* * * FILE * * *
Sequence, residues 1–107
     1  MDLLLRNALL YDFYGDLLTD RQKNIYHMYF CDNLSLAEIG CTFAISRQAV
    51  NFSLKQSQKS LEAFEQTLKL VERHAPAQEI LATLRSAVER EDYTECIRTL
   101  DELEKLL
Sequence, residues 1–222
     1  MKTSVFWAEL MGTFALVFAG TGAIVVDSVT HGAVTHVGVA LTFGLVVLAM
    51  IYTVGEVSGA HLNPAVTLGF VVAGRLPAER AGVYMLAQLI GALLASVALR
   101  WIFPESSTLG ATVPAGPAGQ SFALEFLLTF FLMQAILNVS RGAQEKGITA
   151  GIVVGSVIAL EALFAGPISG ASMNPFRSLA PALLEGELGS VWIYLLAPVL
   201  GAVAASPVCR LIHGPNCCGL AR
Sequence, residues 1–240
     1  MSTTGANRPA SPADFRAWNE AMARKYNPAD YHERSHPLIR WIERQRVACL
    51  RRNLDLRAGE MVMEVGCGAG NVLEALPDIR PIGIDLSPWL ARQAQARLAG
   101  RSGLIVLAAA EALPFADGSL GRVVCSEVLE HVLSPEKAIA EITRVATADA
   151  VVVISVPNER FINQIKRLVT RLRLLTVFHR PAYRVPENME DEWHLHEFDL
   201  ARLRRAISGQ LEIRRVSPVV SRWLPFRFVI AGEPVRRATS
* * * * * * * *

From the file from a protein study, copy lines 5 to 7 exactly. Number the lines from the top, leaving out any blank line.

Sequence, residues 1–222
     1  MKTSVFWAEL MGTFALVFAG TGAIVVDSVT HGAVTHVGVA LTFGLVVLAM
    51  IYTVGEVSGA HLNPAVTLGF VVAGRLPAER AGVYMLAQLI GALLASVALR